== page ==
12Z GFS surface forecast map for early Saturday featuring strong Arctic high pressure to our north; map courtesy tropicaltidbits.com, NOAA/EMC
While we’ll get noticeably milder on Wednesday, Thursday and Friday in the Mid-Atlantic region, building Arctic high pressure to our north at the end of the week will result in much colder conditions for the weekend. A frontal system will pass through the region on Friday and this will set off some drastic changes around here as we head into the weekend. To make matters worse, moisture will head our way from the south-central US and the combination of this moisture with strong surface Arctic high pressure to our north may result in a prolonged period of ice and/or snow.
12Z GFS forecast map of height anomalies at 500 millibars for early Saturday; map courtesy tropicaltidbits.com, NOAA/EMC
We are now transitioning to a much milder weather pattern for the Mid-Atlantic region that will become noticeable on Wednesday and last into the day on Friday. The current entrenched Arctic air mass is reluctant to give up its ground; consequently, there can be some snow, sleet or freezing rain during the next 6-12 hours; especially, on the northern and western side of the I-95 metro regions before a changeover to plain rain. On Wednesday, the milder air will win it as the current Arctic air mass goes in full retreat to the north and temperatures could reach the 50 degree mark for highs. The warmest day of the week is likely to be on Thursday as a strengthening southwest wind will boost temperatures to near 60 degrees in the DC metro region and well into the 50’s across Philly and NYC. Changes begin on Friday, however, as while we'll stay mild, it won’t get as warm as Thursday and a frontal system will work its way through the region setting the stage for a much colder weekend.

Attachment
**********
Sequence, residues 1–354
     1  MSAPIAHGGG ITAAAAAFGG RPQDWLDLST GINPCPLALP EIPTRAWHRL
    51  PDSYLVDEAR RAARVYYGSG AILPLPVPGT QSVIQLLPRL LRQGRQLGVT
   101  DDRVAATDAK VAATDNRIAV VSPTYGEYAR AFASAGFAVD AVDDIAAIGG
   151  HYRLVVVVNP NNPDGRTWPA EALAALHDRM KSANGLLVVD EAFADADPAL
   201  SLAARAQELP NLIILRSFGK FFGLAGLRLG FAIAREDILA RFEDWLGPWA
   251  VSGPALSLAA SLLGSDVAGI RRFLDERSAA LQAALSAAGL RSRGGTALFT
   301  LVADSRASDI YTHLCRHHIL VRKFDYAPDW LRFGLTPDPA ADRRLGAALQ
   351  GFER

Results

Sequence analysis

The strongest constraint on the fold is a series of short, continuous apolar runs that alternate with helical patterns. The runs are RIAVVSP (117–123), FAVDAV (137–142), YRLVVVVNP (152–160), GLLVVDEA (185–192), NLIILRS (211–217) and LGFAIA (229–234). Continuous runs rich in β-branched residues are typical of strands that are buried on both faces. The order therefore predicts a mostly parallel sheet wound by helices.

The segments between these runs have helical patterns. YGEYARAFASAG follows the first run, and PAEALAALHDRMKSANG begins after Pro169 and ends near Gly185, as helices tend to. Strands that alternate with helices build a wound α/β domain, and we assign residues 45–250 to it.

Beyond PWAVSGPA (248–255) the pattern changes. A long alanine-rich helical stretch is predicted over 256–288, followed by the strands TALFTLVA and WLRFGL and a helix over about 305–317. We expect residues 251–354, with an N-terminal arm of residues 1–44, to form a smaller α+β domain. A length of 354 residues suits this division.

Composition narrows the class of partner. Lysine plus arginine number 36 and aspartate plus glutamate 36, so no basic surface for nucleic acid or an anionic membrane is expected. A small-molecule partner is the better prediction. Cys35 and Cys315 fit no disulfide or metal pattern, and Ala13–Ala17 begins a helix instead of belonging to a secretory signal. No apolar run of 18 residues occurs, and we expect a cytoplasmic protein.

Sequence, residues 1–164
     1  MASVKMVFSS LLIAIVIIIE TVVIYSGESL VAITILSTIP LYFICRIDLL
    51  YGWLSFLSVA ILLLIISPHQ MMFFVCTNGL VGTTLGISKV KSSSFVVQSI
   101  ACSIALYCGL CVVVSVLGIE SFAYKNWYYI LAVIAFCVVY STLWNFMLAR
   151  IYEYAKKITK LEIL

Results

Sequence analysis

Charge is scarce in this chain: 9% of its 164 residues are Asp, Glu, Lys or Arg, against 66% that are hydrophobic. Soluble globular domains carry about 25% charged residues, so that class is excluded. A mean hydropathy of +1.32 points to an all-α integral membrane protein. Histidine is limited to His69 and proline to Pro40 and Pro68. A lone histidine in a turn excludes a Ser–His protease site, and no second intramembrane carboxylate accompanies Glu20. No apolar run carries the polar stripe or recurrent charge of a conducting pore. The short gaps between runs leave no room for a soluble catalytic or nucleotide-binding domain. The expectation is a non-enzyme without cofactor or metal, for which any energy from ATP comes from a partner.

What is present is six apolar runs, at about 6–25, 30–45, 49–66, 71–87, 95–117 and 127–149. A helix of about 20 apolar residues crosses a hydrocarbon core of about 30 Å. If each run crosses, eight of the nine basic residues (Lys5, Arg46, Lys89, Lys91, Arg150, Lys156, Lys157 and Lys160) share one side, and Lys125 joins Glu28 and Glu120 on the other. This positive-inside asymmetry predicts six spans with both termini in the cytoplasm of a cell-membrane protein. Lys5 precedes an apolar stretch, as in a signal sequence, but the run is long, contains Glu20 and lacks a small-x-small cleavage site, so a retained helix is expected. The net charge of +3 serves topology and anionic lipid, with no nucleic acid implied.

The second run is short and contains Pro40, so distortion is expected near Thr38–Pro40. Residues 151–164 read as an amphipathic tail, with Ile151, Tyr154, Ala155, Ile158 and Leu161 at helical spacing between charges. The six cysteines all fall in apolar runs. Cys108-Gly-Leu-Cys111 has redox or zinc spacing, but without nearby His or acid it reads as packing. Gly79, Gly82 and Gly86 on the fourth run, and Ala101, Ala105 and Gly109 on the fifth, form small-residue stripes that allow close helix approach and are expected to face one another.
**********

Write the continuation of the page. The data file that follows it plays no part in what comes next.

12Z GFS forecast map of 850 mb temperature anomalies for early Saturday; map courtesy tropicaltidbits.com, NOAA/EMC
Weekend frozen precipitation threat
By the weekend, significant high pressure ridging in the middle part of the atmosphere (500 millibar, ~18,000 feet) will build into the eastern states and temperature anomalies at 850 millibars (~5000 feet) will continue at above-normal levels. We don’t live at those levels, however, and ground-level temperatures are likely to be on the cold side thanks to the strong surface Arctic high pressure situated to our north. The 12Z GFS forecast map for early Saturday portrays a classic cold air damming situation in which cold air pours down the eastern side of the Appalachians into the I-95 corridor extending southward from an Arctic high pressure system to the north. The bending of the isobar pattern (black lines of equal pressure) on this model forecast map is a classic signature of cold air damming. Given the potential combination of incoming moisture with high pressure ridging in the middle part of the atmosphere, above-normal temperatures at 850 mb, and strong surface Arctic high pressure to our north, icing could end up being a significant problem this weekend in this region. It could also be just cold enough for snow instead of ice - at least for awhile - during the upcoming weekend.
Stay tuned – strong Arctic high pressure to the north spells trouble.
Meteorologist Paul Dorian